What are customers experiencing when it comes to energy and water costs?
Taking the time to listen to what financial counsellors are learning from their casework can offer valuable insight into the financial challenges people are facing. Below, the panel explores what they’re seeing firsthand when it comes to why customers are not able to pay their energy and water bills.
The gap between energy and other life essentials
Danielle Slade, who works for the National Debt Helpline 5 days a week, explains that “the biggest thing we’ve seen is extraordinarily large debts,” where in some cases, people can barely cover their current usage let alone also contribute towards old energy bills.
Danielle continued on to provide insight into the essentials that help create a comfortable life, including:
- Rent or housing
“I say power last because [in the eyes of the customer], that’s the only bill this fortnight that I can skip if I just don’t have enough money. If I don’t pay my rent, I get evicted. I have to eat. I can’t walk my children to school if it takes us 2 hours to get there. I can’t not take medication. So, the only thing that’s left that I can skip this fortnight is power. So, a lot of people leave it to that 3 month bill and then we get a debt that’s just so unmanageable.”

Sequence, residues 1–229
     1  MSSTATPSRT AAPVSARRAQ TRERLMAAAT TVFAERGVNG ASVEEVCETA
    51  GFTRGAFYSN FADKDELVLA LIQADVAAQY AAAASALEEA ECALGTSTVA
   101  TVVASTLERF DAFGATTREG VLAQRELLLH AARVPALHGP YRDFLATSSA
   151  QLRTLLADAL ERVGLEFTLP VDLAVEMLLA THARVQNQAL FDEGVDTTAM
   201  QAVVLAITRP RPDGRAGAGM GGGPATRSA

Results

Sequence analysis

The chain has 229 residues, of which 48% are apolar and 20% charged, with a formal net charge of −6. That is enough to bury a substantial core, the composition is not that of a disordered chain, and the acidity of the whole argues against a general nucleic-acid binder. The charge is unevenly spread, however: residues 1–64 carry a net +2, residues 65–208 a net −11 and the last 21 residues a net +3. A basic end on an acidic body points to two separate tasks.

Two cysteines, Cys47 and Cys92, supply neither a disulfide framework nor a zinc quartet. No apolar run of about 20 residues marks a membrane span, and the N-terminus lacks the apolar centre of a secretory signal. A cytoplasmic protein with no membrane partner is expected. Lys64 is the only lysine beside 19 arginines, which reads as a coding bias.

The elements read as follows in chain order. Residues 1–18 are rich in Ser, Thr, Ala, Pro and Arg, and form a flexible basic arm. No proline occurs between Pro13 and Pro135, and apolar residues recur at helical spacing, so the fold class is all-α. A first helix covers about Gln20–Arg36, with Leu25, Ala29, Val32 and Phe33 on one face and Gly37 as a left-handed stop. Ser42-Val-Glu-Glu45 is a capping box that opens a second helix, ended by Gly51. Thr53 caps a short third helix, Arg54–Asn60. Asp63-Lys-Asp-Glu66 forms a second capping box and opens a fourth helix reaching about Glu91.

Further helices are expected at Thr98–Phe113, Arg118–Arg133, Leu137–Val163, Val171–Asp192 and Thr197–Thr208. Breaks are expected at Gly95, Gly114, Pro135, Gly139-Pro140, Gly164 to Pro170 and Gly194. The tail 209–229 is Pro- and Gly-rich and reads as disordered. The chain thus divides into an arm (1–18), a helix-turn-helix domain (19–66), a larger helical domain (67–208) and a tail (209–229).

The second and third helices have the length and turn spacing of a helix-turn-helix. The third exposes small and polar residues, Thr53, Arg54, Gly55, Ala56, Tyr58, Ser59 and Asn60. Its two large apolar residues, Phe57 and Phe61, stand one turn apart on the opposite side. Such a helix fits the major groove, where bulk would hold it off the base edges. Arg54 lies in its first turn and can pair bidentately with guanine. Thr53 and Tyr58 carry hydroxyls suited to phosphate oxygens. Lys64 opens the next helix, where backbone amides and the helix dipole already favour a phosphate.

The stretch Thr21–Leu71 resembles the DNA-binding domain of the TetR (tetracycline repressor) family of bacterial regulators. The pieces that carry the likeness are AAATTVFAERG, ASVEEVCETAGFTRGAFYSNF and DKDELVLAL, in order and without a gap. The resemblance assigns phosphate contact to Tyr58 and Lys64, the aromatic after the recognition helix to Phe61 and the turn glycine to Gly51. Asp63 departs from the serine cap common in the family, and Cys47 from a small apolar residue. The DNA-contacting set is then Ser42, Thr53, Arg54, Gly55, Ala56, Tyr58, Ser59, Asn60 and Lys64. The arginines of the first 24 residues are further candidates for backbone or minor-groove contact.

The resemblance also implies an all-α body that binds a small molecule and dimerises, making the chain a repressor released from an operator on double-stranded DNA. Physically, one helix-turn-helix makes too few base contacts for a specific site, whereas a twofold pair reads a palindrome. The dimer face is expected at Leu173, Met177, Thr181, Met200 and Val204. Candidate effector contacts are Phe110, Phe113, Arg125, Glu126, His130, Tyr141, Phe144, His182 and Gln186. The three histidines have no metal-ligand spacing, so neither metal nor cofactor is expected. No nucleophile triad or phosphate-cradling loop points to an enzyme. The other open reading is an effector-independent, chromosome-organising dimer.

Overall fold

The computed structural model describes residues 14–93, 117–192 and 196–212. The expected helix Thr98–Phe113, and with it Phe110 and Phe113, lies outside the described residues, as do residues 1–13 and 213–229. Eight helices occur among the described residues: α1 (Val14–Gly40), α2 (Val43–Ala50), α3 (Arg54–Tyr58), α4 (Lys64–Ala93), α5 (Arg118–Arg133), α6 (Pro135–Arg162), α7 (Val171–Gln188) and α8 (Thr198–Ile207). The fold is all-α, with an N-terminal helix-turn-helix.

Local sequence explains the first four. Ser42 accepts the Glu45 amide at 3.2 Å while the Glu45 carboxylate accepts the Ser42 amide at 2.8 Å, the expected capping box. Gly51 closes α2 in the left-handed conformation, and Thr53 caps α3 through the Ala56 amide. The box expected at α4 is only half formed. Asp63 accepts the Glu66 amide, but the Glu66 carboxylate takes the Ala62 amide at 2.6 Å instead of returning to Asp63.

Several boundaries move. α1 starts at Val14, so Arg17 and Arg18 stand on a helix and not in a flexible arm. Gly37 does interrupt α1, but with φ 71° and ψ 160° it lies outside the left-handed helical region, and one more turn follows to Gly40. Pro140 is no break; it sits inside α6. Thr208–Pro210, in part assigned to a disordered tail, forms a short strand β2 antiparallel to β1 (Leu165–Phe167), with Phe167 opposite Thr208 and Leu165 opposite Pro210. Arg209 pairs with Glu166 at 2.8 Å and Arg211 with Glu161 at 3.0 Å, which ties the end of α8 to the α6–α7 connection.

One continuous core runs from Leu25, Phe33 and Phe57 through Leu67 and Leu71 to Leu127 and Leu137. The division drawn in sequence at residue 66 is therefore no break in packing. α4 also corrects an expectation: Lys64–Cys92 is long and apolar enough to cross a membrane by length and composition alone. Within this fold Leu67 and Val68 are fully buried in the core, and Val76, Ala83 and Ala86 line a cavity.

The link to housing and water costs
There has also been recent casework where customers are struggling to pay their water bills.
Rose McGrath explained, “For renters, they pay the landlords directly. They don’t have a direct billing relationship with the water company or with the council. So, water arrears are very much tied up with rent arrears and because rents have increased so much, people are really struggling to pay their water and rent. As a result, partly, they are being evicted for non-payment of their water.”
Rose goes on to explain that in some cases, there is such high demand for rental subsidies and rental arrears, it takes up to 2 months for people to receive them where they can be evicted within that time.